Has that artist/producer relationship evolved since those early years?Certainly. I felt like it was more of a favor that he worked with me at the beginning, just because I was young and I had no experience. Then I think it grew into a mentorship, and then a very collaborative [relationship]. We work together a lot. I feel like it went from him helping out—doing a favor for his friend’s kid—to ‘Oh, now we’re in the business, working side by side.’ He mentored me along the way. He’s like a brother figure too. You go through so many highs and lows together. But I know it’s an incredibly rare thing to have that sort of foundation and person to bounce things off of and steer you in the right direction. I feel incredibly lucky to have met Tyler when I did.
Have you guys been able to collaborate remotely during the pandemic?
We collaborate weekly. I’ve seen him a few times. We’ll make instrument exchanges via the driveway. We’ll pass them at a safe distance. That’s been the only contact right now, but we talk all the time and send each other ideas back and forth. It’s a pretty constant thing.
I know you’ll be supporting Harry Styles later this year at Madison Square Garden along with Orville Peck. How’d that come together?
It was totally crazy! I was in the middle of a tour with Iron & Wine earlier this year and out of the blue I got a direct message from Harry himself. He was like, ‘I just wanted to reach out and say that I really love the record and I would love to connect at some point.’ I was, of course, blown away. I couldn’t have imagined that my record would have made it into his world.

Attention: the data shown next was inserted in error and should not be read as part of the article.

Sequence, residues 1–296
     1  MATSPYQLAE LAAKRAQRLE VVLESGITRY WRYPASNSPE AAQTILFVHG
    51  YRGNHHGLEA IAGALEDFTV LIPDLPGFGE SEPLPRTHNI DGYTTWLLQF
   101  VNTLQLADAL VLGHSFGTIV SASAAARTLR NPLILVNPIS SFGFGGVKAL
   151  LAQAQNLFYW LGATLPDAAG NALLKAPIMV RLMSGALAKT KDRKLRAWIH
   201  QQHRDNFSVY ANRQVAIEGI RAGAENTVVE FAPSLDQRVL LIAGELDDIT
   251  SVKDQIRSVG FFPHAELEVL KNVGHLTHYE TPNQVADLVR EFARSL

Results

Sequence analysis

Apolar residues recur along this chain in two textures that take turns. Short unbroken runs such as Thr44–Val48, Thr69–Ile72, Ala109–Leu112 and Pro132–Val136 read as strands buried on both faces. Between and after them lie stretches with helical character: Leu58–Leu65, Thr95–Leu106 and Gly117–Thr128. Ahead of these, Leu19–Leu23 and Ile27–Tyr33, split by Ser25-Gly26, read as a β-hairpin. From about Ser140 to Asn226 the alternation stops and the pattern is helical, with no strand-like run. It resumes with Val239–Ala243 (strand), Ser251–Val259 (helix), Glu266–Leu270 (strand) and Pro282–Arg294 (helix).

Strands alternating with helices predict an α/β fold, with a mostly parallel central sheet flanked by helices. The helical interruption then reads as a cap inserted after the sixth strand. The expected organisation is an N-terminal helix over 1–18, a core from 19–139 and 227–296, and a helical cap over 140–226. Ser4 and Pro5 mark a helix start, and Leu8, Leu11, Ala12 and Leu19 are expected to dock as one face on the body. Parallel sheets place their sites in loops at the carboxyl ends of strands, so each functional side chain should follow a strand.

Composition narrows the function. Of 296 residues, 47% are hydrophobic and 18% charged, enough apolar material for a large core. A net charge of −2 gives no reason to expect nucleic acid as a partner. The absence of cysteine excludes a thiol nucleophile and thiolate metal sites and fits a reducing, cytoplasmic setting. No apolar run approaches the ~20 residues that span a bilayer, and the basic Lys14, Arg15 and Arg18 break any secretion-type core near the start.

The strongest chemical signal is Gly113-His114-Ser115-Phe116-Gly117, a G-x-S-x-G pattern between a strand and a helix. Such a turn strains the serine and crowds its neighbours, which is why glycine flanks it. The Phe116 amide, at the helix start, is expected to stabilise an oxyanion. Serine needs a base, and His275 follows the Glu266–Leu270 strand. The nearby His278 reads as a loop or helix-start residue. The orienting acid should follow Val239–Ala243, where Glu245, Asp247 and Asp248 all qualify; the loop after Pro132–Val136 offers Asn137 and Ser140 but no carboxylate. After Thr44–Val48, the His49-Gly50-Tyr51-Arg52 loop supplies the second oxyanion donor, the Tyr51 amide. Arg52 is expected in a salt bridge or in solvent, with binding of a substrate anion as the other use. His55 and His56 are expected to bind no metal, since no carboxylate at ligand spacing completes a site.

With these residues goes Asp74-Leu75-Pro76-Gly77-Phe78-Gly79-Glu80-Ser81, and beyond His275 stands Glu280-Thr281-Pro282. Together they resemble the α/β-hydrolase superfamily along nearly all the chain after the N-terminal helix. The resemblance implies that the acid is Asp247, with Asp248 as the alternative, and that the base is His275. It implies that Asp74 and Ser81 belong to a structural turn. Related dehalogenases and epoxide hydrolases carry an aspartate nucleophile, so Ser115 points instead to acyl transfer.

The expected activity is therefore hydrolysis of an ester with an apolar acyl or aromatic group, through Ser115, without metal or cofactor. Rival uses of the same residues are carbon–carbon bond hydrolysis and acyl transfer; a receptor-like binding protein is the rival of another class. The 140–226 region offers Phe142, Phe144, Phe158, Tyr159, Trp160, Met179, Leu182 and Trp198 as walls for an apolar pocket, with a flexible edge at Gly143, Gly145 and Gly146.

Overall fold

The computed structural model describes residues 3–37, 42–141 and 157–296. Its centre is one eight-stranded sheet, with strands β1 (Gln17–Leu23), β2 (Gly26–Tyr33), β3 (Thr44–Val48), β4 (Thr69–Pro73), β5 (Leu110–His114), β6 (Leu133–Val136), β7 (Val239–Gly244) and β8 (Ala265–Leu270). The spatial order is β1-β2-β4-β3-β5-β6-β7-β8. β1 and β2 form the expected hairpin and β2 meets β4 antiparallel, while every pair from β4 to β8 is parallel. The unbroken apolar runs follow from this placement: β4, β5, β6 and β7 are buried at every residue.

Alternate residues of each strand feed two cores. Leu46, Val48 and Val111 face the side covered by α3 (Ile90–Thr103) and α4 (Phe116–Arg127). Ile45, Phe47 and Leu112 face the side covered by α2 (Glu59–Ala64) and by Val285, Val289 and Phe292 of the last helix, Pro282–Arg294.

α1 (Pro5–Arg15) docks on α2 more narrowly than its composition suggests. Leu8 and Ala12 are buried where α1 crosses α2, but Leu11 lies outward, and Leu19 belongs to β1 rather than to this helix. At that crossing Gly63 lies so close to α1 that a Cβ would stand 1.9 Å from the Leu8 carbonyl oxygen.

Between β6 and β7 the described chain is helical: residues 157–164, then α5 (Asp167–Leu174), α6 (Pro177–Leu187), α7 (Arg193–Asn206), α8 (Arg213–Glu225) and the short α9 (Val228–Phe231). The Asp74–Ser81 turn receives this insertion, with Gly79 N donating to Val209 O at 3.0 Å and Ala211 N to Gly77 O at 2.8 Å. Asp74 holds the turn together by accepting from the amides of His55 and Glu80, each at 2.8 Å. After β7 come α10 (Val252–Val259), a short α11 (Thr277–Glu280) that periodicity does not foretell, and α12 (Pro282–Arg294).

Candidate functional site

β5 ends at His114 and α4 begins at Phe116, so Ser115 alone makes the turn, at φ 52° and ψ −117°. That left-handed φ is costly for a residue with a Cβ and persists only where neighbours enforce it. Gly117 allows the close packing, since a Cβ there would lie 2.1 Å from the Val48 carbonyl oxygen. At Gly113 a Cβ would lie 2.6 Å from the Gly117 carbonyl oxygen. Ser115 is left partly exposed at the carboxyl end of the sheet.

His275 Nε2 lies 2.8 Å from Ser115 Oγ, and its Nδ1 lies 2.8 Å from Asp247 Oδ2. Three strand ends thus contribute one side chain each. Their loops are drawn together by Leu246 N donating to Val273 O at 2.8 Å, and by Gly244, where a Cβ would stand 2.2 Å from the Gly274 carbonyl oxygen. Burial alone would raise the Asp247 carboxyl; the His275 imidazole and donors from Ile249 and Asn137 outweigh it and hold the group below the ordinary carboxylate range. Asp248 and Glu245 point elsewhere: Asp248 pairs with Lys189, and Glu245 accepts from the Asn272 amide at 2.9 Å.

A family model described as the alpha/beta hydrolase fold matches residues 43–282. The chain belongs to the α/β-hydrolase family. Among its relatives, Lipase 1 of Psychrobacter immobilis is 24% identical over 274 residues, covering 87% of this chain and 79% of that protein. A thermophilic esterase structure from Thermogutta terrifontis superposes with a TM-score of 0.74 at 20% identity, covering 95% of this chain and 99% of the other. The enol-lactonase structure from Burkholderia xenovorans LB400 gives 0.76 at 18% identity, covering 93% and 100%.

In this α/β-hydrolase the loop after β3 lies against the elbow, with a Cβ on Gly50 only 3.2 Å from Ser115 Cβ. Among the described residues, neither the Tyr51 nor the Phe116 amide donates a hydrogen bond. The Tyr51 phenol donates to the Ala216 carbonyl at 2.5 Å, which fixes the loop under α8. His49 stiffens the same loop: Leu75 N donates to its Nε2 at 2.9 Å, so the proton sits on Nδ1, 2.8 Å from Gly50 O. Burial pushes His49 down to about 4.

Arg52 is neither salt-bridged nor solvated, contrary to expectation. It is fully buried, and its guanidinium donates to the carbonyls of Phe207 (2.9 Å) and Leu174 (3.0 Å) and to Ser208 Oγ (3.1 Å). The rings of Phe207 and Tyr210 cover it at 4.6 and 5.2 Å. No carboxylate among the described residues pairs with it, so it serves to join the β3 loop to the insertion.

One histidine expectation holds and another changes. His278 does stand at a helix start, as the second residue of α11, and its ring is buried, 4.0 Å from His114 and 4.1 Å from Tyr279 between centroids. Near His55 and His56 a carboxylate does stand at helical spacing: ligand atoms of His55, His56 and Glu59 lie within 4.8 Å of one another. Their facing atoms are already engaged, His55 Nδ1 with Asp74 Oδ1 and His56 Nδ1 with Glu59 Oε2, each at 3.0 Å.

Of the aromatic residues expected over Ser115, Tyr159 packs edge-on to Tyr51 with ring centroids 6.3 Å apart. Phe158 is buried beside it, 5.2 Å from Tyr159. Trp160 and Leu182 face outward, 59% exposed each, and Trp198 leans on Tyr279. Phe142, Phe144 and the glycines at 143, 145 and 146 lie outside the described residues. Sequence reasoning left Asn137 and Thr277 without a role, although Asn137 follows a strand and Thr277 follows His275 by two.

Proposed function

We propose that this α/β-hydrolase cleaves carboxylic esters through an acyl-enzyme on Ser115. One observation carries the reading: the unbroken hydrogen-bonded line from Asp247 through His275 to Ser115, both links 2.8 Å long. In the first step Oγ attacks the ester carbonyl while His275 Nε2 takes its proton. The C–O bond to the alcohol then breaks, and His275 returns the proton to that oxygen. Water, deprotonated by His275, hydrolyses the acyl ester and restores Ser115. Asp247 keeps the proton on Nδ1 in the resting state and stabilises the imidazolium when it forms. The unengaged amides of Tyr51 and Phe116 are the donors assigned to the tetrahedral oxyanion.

Then he said from there, ‘I don’t want to be forward but I would love it if you would somehow be involved in my touring this year.’ So that’s how it ended up coming about! None of us expected that. I’ve not met him yet, but from the way he’s communicated he’s just such a sweet guy and really [cares] about giving other people opportunities. That’s a rare quality in someone at his level and of his caliber, so that was so special.
Do you miss in-person performances? Have you done anything virtually? That’s been the battle to figure out—how to make a concert translate over the internet. I have done a few of them and I feel like I’m still trying my hand at it. But I really just miss [live crowds]. I think an audience really relieves the performer with bickering and interaction. Talking with the people in the crowd—and the applause—that’s a relief for an artist. I don’t have that right now. I feel like I’m just filling dead space all the time with me talking too much. That is something I really miss: not talking so much.
“Coming Back” is out now.